Still Another Economic Concern — Labor Strikes

by Greg Valliere, AGF Management Ltd.

AFTER YEARS OF LOSING CLOUT — AND MEMBERS — organized labor is flexing its muscles. The worker shortage has given unions some clout, and the result is a looming wave of strikes that could give pro-labor President Joe Biden another headache, as still another inflationary hot spot emerges.

WORKERS SOON MAY HIT THE PICKET LINES at John Deere, Kaiser Permanente, and even on Hollywood film lots. According to a piece this morning in The, thousands are already on strike, including 2,000 New York hospital workers, 700 Massachusetts nurses and 1,400 Kellogg plant workers in Michigan, Nebraska, Pennsylvania and Tennessee.

THE POTENTIAL STRIKE TO WATCH is at Kaiser Permanente, where 38,000 workers, mostly overworked nurses, are demanding 4% annual pay increases; the company is offering 1%. A similar gap is plaguing John Deere, where workers want an immediate 5% to 6% wage hike. And TV shows and movies may be shut down as 60,000 crew workers threaten to go on strike early next week.

WORKERS HAVE LEVERAGE, knowing that if there are walkouts, employers will struggle to find replacements because of the nationwide labor shortage, The Hill concludes. The U.S. had 10.4 million unfilled job openings as of August; as we noted yesterday in our piece on workers who are quitting.

IN A RECENT INTERVIEW with The Hill, AFL-CIO President Liz Shuler said workers are “fed up” with harsh working conditions and stagnant pay amid a pandemic that has worsened income inequality, leading them to demand better contracts.

THE LABOR RALLYING CRY: “This is the capitalist system that has driven us to the brink,” she added. “Inequality is just getting worse and worse.” Prepare to hear more rhetoric like this; organized labor, down to nearly 10% of the workforce, has a rallying cry.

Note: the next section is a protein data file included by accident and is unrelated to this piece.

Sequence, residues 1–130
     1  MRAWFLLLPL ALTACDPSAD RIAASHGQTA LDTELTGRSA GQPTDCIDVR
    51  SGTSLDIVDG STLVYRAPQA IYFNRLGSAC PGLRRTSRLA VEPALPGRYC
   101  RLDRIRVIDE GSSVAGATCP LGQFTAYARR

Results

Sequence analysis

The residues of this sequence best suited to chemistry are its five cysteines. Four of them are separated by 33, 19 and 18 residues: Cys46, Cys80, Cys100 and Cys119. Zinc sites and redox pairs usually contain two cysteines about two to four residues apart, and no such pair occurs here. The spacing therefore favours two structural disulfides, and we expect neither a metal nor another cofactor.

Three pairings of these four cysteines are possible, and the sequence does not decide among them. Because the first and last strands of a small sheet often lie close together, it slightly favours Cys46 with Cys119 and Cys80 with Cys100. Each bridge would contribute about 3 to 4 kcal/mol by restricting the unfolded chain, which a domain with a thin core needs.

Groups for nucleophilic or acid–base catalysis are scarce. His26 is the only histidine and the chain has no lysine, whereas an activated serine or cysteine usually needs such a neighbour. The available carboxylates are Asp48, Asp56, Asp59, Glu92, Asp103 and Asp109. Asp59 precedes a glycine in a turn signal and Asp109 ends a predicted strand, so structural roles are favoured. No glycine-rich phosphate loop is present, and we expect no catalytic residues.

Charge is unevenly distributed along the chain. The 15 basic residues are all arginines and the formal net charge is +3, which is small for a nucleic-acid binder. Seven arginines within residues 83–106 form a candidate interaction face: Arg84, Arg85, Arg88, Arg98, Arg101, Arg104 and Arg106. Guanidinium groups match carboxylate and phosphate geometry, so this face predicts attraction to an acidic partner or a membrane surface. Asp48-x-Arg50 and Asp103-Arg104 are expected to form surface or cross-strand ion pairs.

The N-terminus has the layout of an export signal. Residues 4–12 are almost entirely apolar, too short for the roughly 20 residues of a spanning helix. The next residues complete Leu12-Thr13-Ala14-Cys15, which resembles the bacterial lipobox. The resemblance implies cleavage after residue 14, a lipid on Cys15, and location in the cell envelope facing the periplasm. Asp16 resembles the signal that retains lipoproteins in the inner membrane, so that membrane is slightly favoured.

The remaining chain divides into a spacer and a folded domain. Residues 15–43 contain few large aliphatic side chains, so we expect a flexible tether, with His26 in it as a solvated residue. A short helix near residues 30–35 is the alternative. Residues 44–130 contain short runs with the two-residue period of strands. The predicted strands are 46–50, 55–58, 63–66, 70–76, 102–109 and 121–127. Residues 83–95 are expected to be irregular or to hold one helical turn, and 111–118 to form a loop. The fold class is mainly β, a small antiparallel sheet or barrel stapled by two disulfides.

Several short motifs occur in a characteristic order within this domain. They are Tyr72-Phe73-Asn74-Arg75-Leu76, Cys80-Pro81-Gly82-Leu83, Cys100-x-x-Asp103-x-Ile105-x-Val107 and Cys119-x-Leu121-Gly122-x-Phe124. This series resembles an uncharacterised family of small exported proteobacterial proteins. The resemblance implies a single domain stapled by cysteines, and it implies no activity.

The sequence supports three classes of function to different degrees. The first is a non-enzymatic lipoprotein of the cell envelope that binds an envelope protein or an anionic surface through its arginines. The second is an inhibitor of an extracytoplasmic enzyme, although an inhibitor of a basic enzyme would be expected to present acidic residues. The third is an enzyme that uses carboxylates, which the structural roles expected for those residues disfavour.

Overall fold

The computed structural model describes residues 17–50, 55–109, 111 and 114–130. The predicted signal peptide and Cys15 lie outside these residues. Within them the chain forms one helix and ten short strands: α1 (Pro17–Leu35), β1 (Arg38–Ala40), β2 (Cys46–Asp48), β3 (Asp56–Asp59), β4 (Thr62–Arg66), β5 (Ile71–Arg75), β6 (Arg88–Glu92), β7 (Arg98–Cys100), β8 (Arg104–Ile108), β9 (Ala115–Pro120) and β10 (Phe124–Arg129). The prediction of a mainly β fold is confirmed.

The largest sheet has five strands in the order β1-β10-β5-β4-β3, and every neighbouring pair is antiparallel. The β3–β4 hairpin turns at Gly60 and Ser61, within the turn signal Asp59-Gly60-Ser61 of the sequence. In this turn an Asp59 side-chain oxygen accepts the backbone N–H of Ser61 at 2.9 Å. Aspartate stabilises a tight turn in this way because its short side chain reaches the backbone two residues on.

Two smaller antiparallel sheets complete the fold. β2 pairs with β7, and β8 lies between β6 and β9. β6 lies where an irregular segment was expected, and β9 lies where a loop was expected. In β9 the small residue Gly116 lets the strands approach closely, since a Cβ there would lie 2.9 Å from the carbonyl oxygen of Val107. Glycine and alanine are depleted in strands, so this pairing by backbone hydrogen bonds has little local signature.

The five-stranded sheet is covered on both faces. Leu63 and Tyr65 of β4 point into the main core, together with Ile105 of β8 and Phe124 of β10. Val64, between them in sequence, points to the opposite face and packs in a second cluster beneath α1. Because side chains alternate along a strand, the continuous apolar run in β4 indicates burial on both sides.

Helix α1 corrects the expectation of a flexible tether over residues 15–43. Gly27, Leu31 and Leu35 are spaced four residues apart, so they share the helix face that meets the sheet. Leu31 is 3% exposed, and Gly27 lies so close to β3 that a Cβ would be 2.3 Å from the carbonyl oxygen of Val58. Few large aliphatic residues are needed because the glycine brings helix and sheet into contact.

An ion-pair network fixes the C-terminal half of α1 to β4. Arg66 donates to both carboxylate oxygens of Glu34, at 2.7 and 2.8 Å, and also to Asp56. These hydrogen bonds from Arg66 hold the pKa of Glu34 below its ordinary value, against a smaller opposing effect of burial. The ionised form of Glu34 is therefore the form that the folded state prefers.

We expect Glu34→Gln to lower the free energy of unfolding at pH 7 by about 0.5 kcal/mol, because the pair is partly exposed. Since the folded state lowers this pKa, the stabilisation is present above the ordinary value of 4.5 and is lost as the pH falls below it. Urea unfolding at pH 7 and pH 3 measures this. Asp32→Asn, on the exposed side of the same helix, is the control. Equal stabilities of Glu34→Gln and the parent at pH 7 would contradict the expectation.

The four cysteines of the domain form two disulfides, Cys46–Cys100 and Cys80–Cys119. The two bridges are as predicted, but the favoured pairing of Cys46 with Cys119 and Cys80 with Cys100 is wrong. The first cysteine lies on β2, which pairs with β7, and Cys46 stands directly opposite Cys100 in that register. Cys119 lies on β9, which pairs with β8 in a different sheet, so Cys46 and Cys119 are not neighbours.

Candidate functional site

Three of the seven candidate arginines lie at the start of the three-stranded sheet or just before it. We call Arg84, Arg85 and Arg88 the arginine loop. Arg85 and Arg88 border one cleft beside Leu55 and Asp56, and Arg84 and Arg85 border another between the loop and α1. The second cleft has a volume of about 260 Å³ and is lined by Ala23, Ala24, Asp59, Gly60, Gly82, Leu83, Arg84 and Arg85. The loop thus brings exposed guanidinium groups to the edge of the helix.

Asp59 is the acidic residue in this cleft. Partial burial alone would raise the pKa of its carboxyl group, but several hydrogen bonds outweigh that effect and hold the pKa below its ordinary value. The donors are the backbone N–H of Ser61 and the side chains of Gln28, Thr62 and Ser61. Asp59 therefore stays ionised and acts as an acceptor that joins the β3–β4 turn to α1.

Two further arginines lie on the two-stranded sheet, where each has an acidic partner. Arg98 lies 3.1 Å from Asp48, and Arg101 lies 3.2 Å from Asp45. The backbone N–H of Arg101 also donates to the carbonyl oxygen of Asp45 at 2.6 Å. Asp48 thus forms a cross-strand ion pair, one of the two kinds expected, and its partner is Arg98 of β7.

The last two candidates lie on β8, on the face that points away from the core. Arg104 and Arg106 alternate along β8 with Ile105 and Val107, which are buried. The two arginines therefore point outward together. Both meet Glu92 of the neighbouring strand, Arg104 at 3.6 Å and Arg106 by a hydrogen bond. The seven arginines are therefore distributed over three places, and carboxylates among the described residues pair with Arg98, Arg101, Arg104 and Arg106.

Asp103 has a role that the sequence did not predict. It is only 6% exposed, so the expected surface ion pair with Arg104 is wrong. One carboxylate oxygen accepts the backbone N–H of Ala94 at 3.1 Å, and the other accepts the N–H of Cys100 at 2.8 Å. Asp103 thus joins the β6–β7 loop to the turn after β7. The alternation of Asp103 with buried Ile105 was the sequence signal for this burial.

EVERYONE WANTS THEIRS: The scramble for better compensation and more federal benefits is likely to increase, as workers grapple with higher energy and food prices; real hourly earnings have decreased in recent months. We have consistently warned that the most serious inflation threat is rising labor costs, which are not “transitory.”

THE FEDERAL RESERVE SHOULD BAN THE WORD “TRANSITORY” — it certainly doesn’t apply to labor, because salary hikes and sign-up bonuses will not be reversed. Maybe lumber or copper or gasoline prices can be reversed, but wage hikes will not be lowered; they’re on the rise, as the looming strikes will show.




The views expressed in this blog are those of the author and do not necessarily represent the opinions of AGF, its subsidiaries or any of its affiliated companies, funds or investment strategies.

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This post was first published at the AGF Perspectives Blog.

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